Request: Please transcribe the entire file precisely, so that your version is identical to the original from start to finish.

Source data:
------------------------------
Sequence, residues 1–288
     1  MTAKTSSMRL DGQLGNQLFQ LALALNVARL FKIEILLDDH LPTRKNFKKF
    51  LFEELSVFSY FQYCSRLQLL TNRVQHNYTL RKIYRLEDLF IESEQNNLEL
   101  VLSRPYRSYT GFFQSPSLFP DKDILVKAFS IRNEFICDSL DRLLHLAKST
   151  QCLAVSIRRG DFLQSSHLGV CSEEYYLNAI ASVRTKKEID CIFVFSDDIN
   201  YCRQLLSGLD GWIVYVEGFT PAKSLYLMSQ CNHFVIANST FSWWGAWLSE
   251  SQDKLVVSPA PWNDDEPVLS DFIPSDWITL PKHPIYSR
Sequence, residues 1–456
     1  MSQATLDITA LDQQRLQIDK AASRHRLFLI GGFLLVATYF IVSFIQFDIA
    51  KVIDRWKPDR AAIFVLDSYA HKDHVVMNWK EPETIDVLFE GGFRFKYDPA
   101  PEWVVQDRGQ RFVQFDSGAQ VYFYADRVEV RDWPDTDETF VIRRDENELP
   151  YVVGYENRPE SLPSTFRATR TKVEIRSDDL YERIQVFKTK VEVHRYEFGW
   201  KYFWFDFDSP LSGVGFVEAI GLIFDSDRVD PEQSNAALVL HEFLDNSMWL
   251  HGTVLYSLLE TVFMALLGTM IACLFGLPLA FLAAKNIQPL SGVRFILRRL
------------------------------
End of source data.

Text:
Sequence, residues 1–288
     1  MTAKTSSMRL DGQLGNQLFQ LALALNVARL FKIEILLDDH LPTRKNFKKF
    51  LFEELSVFSY FQYCSRLQLL TNRVQHNYTL RKIYRLEDLF IESEQNNLEL
   101  VLSRPYRSYT GFFQSPSLFP DKDILVKAFS IRNEFICDSL DRLLHLAKST
   151  QCLAVSIRRG DFLQSSHLGV CSEEYYLNAI ASVRTKKEID CIFVFSDDIN
   201  YCRQLLSGLD GWIVYVEGFT PAKSLYLMSQ CNHFVIANST FSWWGAWLSE
   251  SQDKLVVSPA PWNDDEPVLS DFIPSDWITL PKHPIYSR
Sequence, residues 1–456
     1  MSQATLDITA LDQQRLQIDK AASRHRLFLI GGFLLVATYF IVSFIQFDIA
    51  KVIDRWKPDR AAIFVLDSYA HKDHVVMNWK EPETIDVLFE GGFRFKYDPA
   101  PEWVVQDRGQ RFVQFDSGAQ VYFYADRVEV RDWPDTDETF VIRRDENELP
   151  YVVGYENRPE SLPSTFRATR TKVEIRSDDL YERIQVFKTK VEVHRYEFGW
   201  KYFWFDFDSP LSGVGFVEAI GLIFDSDRVD PEQSNAALVL HEFLDNSMWL
   251  HGTVLYSLLE TVFMALLGTM IACLFGLPLA FLAAKNIQPL SGVRFILRRL